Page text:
Original Research - Special Collection: Early Childhood Development in Theory and Practice

An early grade science, technology, engineering and mathematics dialogue reading programme: The development of a conceptual framework

Hanrie S. Bezuidenhout
South African Journal of Childhood Education | Vol 11, No 1 | a1038 | DOI: https://doi.org/10.4102/sajce.v11i1.1038 | © 2021 Hanrie S. Bezuidenhout | This work is licensed under CC Attribution 4.0
Submitted: 29 May 2021 | Published: 25 August 2021

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Hanrie S. Bezuidenhout, Department of Childhood Education, Faculty of Education, University of Johannesburg, Johannesburg, South Africa

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Background: The South African Department of Basic Education (DBE) aims to expand science, technology, engineering and mathematics (STEM) learning in the national curriculum through a Digital Skills for All Curriculum (DSfAC) for Grade R – 9. The DSfAC intends to educate a STEM-literate future citizenry with refined computational thinking (CT), and coding and robotics skills. As with all learning, foundations are ideally laid when children are young and when they form habits of thinking that can ultimately serve as their first building blocks for successful learning. Current theoretical frameworks describe how teachers can include CT, coding and other STEM related constructs in their teaching. In the curriculum plan, a conceptual framework that underpins the design of teaching materials to support STEM literacy teaching, has, however, not yet been forwarded.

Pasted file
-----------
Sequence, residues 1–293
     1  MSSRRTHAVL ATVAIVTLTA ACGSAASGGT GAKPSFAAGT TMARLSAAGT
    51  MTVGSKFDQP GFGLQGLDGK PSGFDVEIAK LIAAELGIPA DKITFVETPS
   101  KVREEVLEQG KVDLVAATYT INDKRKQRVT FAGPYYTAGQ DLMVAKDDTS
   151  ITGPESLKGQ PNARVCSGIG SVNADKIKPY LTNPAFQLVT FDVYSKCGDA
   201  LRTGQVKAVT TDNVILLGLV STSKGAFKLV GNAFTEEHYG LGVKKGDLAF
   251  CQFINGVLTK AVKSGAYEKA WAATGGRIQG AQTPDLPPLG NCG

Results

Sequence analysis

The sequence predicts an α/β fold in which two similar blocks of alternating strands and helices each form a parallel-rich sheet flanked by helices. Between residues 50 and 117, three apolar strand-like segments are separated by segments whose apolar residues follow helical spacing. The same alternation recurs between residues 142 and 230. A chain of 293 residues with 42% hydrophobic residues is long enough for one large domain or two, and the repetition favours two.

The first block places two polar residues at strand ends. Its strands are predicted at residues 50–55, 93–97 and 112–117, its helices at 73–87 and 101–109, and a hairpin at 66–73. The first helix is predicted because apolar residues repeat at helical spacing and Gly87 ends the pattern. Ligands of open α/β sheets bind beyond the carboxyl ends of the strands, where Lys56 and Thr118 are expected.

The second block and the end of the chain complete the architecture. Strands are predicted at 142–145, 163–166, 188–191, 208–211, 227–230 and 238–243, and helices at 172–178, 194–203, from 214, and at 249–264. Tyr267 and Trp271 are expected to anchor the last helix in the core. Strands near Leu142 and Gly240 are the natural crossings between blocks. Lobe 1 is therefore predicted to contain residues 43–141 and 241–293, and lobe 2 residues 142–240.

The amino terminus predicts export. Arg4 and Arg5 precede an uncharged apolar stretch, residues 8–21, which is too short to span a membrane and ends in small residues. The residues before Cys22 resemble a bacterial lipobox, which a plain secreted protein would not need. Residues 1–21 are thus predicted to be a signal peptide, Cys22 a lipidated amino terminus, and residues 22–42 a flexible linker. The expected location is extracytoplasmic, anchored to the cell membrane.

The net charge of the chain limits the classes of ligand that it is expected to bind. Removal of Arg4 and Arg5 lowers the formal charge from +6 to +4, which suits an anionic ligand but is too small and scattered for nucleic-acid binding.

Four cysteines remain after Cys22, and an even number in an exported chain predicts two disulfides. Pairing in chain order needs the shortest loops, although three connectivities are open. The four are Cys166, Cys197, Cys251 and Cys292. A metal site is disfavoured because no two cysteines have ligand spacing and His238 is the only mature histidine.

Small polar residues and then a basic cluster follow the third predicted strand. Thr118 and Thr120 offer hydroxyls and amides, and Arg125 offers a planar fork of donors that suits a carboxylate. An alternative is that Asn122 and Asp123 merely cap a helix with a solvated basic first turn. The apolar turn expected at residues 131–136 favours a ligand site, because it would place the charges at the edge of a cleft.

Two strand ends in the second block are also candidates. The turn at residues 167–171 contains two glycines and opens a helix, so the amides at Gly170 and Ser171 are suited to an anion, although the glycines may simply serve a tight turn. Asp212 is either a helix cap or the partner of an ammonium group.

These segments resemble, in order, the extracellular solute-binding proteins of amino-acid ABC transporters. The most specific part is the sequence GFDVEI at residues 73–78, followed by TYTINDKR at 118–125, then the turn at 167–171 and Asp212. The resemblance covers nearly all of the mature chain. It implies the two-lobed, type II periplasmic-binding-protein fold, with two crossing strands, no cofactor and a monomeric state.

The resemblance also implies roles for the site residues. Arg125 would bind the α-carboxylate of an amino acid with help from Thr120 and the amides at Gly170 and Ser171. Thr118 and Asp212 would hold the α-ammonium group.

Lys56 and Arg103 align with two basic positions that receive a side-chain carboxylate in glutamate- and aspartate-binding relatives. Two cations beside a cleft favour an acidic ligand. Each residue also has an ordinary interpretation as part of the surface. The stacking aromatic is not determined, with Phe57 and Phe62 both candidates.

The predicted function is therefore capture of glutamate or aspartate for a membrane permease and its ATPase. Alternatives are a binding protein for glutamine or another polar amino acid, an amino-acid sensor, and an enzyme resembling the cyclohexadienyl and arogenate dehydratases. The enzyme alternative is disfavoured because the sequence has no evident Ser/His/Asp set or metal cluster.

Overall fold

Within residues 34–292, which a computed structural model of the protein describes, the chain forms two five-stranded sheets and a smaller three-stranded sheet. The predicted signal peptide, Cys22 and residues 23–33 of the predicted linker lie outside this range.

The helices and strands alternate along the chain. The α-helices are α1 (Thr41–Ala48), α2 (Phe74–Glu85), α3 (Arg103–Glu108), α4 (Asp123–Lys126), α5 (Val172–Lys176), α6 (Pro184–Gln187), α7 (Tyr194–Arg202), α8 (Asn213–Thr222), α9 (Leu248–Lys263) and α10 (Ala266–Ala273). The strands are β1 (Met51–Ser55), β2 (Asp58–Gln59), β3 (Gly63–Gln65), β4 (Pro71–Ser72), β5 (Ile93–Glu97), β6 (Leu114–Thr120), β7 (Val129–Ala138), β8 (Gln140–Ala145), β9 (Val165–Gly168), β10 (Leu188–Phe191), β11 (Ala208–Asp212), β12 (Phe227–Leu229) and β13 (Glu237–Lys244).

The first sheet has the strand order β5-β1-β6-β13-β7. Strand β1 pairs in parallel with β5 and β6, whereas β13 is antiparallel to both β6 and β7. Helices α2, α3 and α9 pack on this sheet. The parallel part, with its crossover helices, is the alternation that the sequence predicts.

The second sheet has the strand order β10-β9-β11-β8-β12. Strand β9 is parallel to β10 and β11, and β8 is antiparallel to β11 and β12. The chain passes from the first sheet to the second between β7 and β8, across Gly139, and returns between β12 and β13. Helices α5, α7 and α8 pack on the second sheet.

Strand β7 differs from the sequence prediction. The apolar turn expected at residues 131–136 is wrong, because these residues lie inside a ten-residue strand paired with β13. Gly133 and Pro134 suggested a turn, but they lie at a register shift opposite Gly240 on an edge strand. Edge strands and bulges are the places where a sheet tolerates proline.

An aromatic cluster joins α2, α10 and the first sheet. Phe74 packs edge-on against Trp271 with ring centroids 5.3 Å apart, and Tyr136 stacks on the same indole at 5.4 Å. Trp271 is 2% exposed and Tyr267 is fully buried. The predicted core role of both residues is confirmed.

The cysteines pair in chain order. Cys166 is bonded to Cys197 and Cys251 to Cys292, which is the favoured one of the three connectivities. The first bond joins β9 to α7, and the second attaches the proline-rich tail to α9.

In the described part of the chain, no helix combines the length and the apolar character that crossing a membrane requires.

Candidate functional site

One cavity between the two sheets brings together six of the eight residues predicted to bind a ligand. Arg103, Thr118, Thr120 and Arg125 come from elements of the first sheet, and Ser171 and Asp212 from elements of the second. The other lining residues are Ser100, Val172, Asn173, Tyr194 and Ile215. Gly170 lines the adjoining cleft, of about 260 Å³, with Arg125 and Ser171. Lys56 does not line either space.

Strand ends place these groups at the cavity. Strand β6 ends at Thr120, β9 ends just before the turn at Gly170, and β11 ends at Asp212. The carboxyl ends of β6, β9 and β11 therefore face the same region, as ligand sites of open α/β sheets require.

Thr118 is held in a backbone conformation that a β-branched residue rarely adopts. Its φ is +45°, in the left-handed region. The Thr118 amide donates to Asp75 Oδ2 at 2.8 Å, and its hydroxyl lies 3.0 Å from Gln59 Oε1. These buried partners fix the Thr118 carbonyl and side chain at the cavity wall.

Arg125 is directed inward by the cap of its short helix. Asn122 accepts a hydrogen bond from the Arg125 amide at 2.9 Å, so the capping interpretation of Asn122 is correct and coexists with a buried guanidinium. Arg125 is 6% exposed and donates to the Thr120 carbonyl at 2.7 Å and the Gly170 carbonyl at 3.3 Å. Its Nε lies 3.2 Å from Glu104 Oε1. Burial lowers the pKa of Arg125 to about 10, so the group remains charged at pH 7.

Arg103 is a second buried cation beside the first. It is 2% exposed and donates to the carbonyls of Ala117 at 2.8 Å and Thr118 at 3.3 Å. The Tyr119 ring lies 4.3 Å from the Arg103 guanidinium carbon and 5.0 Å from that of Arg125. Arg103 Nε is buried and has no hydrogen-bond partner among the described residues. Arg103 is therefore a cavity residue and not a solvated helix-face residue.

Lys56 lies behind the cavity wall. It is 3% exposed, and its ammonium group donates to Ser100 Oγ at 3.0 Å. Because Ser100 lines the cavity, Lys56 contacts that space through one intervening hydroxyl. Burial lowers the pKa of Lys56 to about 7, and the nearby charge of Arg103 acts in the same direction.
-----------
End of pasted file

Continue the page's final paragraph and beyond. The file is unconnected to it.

Aim: Presenting a conceptual framework that has served as the design heuristic for a dialogue reading programme (DRP) for young children. The programme consists of three picture books, created to develop young children’s digital skills and related vocabulary as outlined in the DSfAC through story texts and pictures.

Method: I implemented an iterative participatory approach to develop the conceptual framework.

Conclusion: The development of teaching materials, like a DRP, should have its genesis in a confluence of three interdisciplinary components to develop a conceptual framework: (1) scientific research and theories; (2) an iterative participatory approach which involves teachers, parents, children, and other role players in the development process; and (3) systematic utilisation of existing examples of relevant teaching materials.


STEM education; dialogue reading; artificial intelligence; conceptual framework; early grades; computational thinking; coding; digital skills


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